Several thousands of dollars worth of damage had been done to Parliament House on this day in 1989, and the culprits had finally been discovered.
There were many of them, known as tineola disselliella, or, in English, webbing moths.
A celebration took place to mark the completion of the $1.1 billion Parliament House construction the previous week, and it was at that very celebration where holes in the expensive wall fabric of the House of Representatives were discovered.
The webbing moths were not the first to inhabit Parliament House. The previous year, millions of their distant cousins, bogong moths, had invaded the venue as they could not help but be drawn in by the great lights on the hill. But they failed to make a home of it, and fell victim to air conditioning and starvation, as they became dehydrated with no food to sustain them.
But this was a good thing for the webbing moths. They belonged to the same family as the bogongs but, as family does not stand in the way of cannibal moths, the carcasses of the bogong moths, which had remained undisturbed since their invasion, became the food supply for larvae of the webbing moths.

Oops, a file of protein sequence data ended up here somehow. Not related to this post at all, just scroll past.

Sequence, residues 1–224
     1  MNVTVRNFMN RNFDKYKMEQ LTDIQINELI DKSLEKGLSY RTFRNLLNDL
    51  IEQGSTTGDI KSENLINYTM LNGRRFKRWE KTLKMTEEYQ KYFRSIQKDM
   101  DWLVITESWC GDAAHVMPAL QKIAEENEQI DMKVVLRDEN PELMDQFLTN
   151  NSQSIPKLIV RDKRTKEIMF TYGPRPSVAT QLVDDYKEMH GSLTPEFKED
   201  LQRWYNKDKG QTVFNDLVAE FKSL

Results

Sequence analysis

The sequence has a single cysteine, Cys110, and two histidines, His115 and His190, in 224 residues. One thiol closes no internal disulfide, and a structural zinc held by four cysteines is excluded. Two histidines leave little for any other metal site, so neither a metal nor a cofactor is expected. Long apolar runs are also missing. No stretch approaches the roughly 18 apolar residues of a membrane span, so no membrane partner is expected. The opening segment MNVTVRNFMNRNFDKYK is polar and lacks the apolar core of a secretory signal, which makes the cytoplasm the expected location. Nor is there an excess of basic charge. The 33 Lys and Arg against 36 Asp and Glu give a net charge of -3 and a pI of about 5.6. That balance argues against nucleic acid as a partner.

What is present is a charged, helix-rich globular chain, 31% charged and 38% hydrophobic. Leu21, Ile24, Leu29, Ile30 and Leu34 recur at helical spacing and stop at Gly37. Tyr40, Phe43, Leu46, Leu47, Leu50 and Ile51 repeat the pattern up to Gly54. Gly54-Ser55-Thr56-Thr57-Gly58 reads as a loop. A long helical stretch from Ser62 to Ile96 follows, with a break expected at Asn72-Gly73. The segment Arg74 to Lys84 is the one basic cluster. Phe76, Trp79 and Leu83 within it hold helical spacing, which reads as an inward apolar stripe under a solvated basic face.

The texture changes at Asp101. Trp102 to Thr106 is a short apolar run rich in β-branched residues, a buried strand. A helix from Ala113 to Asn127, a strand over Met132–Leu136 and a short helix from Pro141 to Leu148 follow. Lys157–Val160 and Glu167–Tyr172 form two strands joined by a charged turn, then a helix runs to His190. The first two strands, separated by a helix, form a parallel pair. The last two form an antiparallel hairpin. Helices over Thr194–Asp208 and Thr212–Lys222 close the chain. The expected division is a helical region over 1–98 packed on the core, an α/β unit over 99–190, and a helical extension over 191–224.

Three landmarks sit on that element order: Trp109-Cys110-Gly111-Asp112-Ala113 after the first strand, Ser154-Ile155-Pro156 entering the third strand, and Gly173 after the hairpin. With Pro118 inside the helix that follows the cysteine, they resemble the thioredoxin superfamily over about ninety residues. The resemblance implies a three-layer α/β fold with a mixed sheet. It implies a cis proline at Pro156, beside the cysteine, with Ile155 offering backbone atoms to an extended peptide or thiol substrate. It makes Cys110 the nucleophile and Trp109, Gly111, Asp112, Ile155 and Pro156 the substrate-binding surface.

After eating the bogong moths, the larvae would seek light in which to hatch, so they would chew through the fabric panelling to continue their four weeks of life.
The adult moths were killed the weekend of their discovery, but more gassing was required to kill the larvae and end their life cycle.
The Joint House Department had begun the arduous task of detecting and vacuuming the masses of bogong moths which had died in crevices throughout the building.
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